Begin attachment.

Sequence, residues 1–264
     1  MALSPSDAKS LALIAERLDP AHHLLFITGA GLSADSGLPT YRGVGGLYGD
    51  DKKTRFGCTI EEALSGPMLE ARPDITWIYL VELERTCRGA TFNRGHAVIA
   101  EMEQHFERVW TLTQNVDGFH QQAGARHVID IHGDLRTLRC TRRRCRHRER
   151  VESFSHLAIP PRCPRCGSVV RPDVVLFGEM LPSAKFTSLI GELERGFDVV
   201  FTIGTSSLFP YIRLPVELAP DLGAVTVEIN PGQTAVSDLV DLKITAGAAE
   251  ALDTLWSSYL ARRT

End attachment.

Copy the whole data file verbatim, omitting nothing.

Sequence, residues 1–264
     1  MALSPSDAKS LALIAERLDP AHHLLFITGA GLSADSGLPT YRGVGGLYGD
    51  DKKTRFGCTI EEALSGPMLE ARPDITWIYL VELERTCRGA TFNRGHAVIA
   101  EMEQHFERVW TLTQNVDGFH QQAGARHVID IHGDLRTLRC TRRRCRHRER
   151  VESFSHLAIP PRCPRCGSVV RPDVVLFGEM LPSAKFTSLI GELERGFDVV
   201  FTIGTSSLFP YIRLPVELAP DLGAVTVEIN PGQTAVSDLV DLKITAGAAE
   251  ALDTLWSSYL ARRT